Todd From United States of America, joined Nov 2001, 25 posts, RR: 0 Posted (13 years 4 months 1 day 2 hours ago) and read 1360 times:
I just joined this forum after browsing for a few days and have seen some rather hair-raising pictures from Kai Tak. What made this airport so difficult to land? From what I've read, you would make an ILS approach and then make a right turn towards the runway to land. Why?
The Coachman From Australia, joined Apr 2001, 1434 posts, RR: 0
Reply 1, posted (13 years 4 months 1 day 2 hours ago) and read 1323 times:
The turn was 47 and 1/2 degrees to the right at approximately 300 ft above the buildings of Kowloon.
Not only that, but the turn was so late in the approach that the straight-in final part of the approach lasted only a matter of seconds (10 at most). In fact, many aircraft were still not wings horizontal when they crossed the threshold of rwy 13.
In addition, because of the amount of traffic going into HKG, take-offs and landings had to be very carefully juggled. Very often, ATC clearance for landing came just before the turn was initiated. Also, there was a hill with a giant checkerboard on the approach.
Todd From United States of America, joined Nov 2001, 25 posts, RR: 0
Reply 3, posted (13 years 4 months 5 hours ago) and read 1257 times:
I did a few touch-and-gos last night in MS Flight Sim 2002. There's a nice small mountain in the way of RWY 13 and a city as you would do a normal approach. I'm guessing that the odd approach that was used on RWY 13 was because of the mountain, noise abatement and staying clear of the city?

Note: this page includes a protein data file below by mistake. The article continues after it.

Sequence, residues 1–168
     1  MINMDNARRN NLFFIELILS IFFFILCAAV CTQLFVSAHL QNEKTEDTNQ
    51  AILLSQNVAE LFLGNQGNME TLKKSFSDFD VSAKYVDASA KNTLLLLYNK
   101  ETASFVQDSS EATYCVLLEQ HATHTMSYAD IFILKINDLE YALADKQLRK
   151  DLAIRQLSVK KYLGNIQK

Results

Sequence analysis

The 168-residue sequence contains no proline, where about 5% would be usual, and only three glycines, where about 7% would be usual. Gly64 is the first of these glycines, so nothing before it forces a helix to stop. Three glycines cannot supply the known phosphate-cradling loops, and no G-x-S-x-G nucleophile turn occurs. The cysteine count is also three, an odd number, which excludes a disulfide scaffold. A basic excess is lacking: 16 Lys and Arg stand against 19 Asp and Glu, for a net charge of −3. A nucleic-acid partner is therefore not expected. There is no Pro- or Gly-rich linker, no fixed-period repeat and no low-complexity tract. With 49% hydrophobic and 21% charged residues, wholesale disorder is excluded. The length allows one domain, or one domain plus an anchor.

Cx flyboy From Hong Kong, joined Dec 1999, 6669 posts, RR: 55
Reply 4, posted (13 years 4 months ago) and read 1237 times:
The approach to Rwy 13 was only because of the mountain. FS2000 doesnot show it very well, but the approach to Rwy 13 takes you over heavily populated areas the whole time, not clear of the city at all.....so not for noise abatement either!!
Red Panda From Hong Kong, joined Jun 2000, 1521 posts, RR: 0
Reply 5, posted (13 years 4 months ago) and read 1230 times:
The Instrumental Guidance System, IGS works like ILS. But since IGS is not to guide acfts all the way to the thershold, that's why it is called IGS approach but not ILS. IGS would guide acfts towards the checker boxes on the hills, then pilots have to make visual right turn down to the rwy 13. IGS would NOT guide pilots all the way down to the rwy.
Dragogoalie From Australia, joined Oct 2001, 1220 posts, RR: 6
Reply 7, posted (13 years 3 months 3 weeks 6 days 23 hours ago) and read 1201 times:
Did the traffic pattern at Kaitak ever go the other direction??? The only pics you see are the ones for approach to 13... I guess climbing over the mountian might not really work to well. Did they just put up with the tail wind when there was one?